Researchers at the University of Sheffield in the UK have created a spray-on solar cell that uses perovskite as the light-absorbing layer. Although the cell's efficiency is only a modest 11 percent, it can be manufactured very cheaply, paving the way for significant reductions in the cost of large-scale solar panel production.
High-efficiency multi-junction solar cells are useful for specialized applications like space probes and satellites, but their complex structures and use of rare, expensive materials makes them impractical for widespread use. When it comes to large-scale energy production, price per watt, rather than efficiency, becomes the fundamental metric. In the context of solar, this means trading off some performance in favor of much cheaper materials and simpler, more streamlined manufacturing.
Solar cells based on perovskites (a family of crystals with a common, distinctive structure) look very promising in this regard, for two main reasons. Firstly, they can be manufactured on the cheap, using widely available materials prepared at low temperatures. And secondly, the technology around them is advancing at an astonishing pace. In a few short years, they have already reached efficiencies in excess of 19 percent, which is competitive with traditional cells based on crystalline silicon.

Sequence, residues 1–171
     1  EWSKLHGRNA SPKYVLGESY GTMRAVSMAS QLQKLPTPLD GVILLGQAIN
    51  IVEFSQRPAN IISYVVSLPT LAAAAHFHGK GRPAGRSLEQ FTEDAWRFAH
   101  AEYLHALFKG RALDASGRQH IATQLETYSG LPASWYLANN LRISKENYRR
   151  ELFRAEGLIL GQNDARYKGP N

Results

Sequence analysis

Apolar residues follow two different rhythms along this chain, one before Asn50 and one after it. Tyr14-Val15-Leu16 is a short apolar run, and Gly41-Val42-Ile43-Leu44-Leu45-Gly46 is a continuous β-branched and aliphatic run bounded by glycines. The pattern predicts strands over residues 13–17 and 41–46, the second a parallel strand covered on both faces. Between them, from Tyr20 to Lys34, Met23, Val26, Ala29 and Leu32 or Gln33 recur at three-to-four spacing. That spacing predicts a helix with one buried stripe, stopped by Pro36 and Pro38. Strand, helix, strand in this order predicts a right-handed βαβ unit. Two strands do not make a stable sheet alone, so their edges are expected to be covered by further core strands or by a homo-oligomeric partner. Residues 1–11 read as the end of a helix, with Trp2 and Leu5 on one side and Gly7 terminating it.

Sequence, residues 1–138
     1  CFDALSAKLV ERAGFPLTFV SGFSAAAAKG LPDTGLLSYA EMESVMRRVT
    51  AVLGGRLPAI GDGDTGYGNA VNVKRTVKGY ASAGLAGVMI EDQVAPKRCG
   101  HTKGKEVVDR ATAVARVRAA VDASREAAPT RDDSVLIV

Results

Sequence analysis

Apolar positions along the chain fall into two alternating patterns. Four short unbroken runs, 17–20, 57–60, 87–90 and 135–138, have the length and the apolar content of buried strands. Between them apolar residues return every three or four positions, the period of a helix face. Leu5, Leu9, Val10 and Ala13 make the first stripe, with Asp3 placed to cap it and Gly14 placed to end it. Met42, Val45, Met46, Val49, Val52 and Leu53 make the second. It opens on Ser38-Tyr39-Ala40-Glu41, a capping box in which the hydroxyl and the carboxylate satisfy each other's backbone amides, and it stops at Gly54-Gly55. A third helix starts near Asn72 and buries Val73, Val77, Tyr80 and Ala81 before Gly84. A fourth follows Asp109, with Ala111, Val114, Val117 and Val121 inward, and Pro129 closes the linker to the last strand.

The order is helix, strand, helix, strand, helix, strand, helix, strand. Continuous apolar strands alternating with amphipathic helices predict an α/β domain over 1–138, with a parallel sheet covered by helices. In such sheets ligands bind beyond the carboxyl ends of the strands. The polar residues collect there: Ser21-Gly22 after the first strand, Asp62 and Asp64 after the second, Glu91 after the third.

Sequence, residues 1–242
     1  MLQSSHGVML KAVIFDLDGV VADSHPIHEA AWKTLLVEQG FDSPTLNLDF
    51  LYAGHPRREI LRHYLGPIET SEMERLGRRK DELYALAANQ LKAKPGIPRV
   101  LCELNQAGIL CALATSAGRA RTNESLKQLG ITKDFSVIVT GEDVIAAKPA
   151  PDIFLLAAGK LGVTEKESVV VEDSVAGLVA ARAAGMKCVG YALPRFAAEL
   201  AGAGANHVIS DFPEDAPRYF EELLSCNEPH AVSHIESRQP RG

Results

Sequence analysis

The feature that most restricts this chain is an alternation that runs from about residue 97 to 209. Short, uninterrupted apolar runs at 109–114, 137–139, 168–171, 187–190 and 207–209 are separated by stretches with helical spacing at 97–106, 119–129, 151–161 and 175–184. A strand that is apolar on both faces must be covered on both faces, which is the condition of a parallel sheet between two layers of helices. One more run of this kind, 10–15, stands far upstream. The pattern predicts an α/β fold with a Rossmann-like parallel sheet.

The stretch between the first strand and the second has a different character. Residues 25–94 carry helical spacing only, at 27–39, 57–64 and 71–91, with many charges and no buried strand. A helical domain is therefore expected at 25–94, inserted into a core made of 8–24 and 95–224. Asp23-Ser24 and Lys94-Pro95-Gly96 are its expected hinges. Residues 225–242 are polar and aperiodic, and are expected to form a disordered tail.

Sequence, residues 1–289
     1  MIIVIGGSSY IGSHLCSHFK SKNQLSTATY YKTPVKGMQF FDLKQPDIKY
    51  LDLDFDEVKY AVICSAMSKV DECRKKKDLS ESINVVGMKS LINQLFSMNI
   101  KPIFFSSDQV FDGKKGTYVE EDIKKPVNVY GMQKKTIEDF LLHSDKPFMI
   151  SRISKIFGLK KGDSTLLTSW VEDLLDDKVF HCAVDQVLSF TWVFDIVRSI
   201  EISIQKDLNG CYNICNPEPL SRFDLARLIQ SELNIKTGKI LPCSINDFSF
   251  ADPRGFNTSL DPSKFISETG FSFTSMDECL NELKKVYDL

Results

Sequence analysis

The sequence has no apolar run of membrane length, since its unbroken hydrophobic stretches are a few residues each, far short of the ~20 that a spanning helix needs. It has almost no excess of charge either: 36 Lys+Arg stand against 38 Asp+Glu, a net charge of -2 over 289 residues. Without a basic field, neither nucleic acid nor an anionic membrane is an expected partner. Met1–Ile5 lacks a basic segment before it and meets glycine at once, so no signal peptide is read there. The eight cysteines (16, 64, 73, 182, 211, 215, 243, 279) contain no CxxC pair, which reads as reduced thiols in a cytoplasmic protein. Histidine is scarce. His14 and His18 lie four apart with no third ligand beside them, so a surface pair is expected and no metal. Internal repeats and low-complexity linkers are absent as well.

Now, Prof. David Lidzey and colleagues at the University of Sheffield have managed to create a spray-on solar cell that uses perovskite as the light-absorbing layer. The efficiency of the cell was measured at 11 percent, which is only a fraction of silicon-based cells, however, the combination of perovskite and spray-on technology could cut the price per watt figure considerably, making a compelling case for cheap solar power on a large scale.
The researchers had previously used the same spray-painting method to produce organic solar cells, but they say that replacing organic compounds with perovskite as the light-absorbing layer has led to significant efficiency gains. Spray-painting perovskite can streamline the manufacturing process, making it easier to scale production, and also wastes little material.
In the absence of actual production lines and economies of scale, it is nearly impossible to tell how the price per watt of a spray-on perovskite will compare to standard silicon cells, which are energy-intensive to produce. However, given the very rapid pace at which they've been progressing over the past few years, researchers have reason to be optimistic.
"I believe that new thin-film photovoltaic technologies are going to have an important role to play in driving the uptake of solar-energy, and that perovskite based cells are emerging as likely thin-film candidates," says Lidzey.
Source: University of Sheffield